Doctors Lounge - Gynecology AnswersBack to Gynecology Answers List
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Date of last update: 10/14/2017.
Forum Name: Gynecology
|shellymae - Mon May 04, 2009 9:33 am||
I had 3 previous surgeries for endometriosis and endometrioma. My last one was 3 years ago. I have stage 4 severe endo. It was all over including bladder,liver,intestines and other areas. I keep getting endometrioma on my left ovary. Each time I have endometrioma they are bigger than before and required to be removed. I am starting to have problems with my ovary again and went for ultrasound for possible endometrioma again. I been on birth control since I was diagnosed with endometriosis 9 years ago. How do I prevent myself for getting endometrioma? Should I consider trying Lupron again? Can Mirena help? I don't have children yet and not ready to have children at this time. I am busy persuing my degree right now. I only get the pain during my period and its not the normal cramps that everyone gets. Should I consider going in for my fourth surgery or can medication work better?
|Debbie Miller, RN - Sun May 24, 2009 12:10 am||
It would be impossible to say which will be your best course of action at this point. Both medications and surgery are used and sometimes it is a matter of trial and error, experimenting with one drug or another until you get relief. Sometimes the decision is made regarding fertility issues. Since infertility is a common problem with endometriosis, surgery is sometimes done prior to attempting conception. If the symptoms can be controlled without the surgery, you may choose to wait for that until you are contemplating a pregnancy.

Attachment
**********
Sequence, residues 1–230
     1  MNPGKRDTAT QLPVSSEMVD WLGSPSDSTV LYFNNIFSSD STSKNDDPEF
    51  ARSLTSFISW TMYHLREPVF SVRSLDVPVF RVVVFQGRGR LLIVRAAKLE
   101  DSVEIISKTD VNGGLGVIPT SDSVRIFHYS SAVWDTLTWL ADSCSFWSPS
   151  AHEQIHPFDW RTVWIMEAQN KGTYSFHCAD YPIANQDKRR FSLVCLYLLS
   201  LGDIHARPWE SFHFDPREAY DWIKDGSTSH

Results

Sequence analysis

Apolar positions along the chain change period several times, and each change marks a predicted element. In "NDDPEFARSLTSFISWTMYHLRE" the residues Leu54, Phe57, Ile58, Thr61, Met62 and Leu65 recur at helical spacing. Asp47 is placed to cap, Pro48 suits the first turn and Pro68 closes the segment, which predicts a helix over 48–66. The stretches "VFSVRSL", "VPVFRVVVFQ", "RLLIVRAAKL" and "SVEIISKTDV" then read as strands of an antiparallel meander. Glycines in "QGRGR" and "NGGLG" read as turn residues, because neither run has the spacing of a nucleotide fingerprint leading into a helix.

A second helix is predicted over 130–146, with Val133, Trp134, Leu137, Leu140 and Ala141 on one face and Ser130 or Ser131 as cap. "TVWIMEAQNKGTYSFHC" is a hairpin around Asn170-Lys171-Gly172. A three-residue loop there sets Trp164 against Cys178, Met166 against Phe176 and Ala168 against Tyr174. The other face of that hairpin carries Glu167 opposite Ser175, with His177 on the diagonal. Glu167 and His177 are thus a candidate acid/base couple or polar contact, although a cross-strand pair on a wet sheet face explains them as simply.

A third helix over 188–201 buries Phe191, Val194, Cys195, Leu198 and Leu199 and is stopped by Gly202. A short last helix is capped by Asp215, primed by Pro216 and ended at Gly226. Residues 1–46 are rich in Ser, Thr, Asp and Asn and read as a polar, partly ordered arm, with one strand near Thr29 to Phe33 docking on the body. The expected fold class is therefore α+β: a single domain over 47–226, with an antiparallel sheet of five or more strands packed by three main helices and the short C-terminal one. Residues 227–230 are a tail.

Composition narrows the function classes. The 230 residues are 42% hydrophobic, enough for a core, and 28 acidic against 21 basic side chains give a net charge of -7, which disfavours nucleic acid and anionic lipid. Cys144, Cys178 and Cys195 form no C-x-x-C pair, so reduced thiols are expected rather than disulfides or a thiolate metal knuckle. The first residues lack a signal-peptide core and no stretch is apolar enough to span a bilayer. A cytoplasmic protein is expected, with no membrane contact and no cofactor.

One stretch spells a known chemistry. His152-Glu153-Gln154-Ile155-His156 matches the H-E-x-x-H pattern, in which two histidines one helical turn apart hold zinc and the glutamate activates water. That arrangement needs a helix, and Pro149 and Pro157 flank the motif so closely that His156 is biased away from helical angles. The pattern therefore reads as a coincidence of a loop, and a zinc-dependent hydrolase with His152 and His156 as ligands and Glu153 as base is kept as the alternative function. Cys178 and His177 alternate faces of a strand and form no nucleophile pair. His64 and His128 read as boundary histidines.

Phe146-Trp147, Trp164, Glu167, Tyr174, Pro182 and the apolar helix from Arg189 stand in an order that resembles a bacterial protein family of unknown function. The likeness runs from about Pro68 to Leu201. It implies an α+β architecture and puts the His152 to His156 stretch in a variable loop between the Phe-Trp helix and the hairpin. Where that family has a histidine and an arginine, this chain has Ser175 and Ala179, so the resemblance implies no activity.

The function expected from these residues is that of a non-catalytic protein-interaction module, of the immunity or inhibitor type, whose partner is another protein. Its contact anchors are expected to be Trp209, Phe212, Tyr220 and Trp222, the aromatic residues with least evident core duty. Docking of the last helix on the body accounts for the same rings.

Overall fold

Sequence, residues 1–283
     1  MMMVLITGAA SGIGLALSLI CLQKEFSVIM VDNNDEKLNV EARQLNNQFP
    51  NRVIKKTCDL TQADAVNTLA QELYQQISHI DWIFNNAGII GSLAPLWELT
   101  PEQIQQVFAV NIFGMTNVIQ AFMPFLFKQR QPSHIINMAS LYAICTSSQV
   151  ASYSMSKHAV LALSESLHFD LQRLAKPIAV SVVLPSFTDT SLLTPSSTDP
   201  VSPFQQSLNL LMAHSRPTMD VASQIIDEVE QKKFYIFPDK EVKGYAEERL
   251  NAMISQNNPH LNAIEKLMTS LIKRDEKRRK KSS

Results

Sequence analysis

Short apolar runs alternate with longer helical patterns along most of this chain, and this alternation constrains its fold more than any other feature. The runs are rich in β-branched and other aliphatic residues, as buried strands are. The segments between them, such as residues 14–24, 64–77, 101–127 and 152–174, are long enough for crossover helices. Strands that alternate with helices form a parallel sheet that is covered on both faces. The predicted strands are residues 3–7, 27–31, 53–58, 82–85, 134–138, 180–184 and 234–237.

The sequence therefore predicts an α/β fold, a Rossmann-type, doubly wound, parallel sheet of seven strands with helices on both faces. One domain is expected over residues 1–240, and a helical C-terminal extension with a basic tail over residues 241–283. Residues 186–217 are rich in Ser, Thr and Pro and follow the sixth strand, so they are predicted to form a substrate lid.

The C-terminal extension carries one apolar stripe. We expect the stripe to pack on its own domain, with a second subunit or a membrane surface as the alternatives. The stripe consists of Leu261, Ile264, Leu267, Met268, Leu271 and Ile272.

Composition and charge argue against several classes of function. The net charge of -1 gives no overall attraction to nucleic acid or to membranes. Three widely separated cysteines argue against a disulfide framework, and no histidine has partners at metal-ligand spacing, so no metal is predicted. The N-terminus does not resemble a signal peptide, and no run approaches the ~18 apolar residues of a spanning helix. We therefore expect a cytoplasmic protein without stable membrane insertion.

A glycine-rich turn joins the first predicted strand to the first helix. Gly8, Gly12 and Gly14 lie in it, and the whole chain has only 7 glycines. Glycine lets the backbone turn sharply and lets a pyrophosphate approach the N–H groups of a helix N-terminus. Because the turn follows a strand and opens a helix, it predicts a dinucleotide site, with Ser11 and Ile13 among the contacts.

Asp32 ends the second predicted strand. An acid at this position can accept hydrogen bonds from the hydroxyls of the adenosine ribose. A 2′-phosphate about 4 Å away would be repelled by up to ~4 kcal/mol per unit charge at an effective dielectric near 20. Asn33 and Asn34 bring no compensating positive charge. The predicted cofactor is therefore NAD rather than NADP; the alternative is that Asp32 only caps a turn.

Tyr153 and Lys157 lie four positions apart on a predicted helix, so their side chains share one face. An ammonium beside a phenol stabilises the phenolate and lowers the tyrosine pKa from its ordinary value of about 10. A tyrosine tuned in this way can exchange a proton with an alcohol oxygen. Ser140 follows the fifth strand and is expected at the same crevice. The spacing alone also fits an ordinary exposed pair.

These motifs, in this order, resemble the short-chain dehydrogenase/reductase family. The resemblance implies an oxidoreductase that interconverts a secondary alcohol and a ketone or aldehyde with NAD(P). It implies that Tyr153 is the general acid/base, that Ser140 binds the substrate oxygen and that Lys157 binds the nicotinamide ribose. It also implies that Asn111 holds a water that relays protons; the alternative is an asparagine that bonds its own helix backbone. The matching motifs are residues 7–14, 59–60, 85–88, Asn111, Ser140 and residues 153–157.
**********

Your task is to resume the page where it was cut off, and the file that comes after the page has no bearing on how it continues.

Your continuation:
I am not aware of Mirena being used to treat this condition, though it does incorporate hormones so it may have some effect. The hormones typically used include Gonadotropin-releasing hormone analogs, oral contraceptives such as you have used, progestins, Danazol (which creates higher male-type hormones and lower estrogen levels, but not without side effects), Gonadotropin-releasing hormone analogs (GnRH analogs) which interrupt estrogen formation within the endometrial implants.
You certainly have nothing to lose by trying alternative non-surgical treatments first. As you know, even after surgery, recurrence is common.
Good luck and best wishes.
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